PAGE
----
The Henry Bigelow left from Pier 2 at the Newport Naval Station on Wednesday, May 23, under sunny skies to start the Spring Ecosystem Monitoring (EcoMon) Survey. With good weather forecast for the remainder of the week we are heading offshore to survey at the stations along the outer edge of the continental shelf as we head south for the first part of this cruise.
Cruising smoothly at 12 knots with its newly refurbished electric propulsion motors, the vessel is making excellent progress. The time spent approaching our first station is completely taken up by a whirlwind of activities: setting up and testing gear, attending a welcome aboard orientation meeting, and having fire and abandon-ship drills.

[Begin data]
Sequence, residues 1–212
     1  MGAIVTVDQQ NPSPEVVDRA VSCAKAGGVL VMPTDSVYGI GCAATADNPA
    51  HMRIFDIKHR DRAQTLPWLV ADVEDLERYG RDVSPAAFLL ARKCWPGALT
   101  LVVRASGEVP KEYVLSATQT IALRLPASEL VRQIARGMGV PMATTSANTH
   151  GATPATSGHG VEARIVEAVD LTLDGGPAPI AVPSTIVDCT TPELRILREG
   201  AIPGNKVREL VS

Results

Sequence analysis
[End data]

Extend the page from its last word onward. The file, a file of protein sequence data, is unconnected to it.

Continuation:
As is typical for these ecosystem monitoring surveys, we have a variety of researchers on board: a satellite specialist doing in-situ light measurements during satellite overpasses, a Canadian biologist from the Dept. of Fisheries and Oceans in Halifax, NS, a Maine Maritime Academy student volunteer, a NOAA Teacher-at-Sea from South Carolina, two seabird and marine mammal observers, and three scientists from the Northeast Fisheries Science Center.
Together we will gather as much data as we can on this voyage which will take us from southern New England to Delaware Bay, to Georges Bank and into the Gulf of Maine.
HB18-03 Spring Ecosystem Monitoring (EcoMon) Survey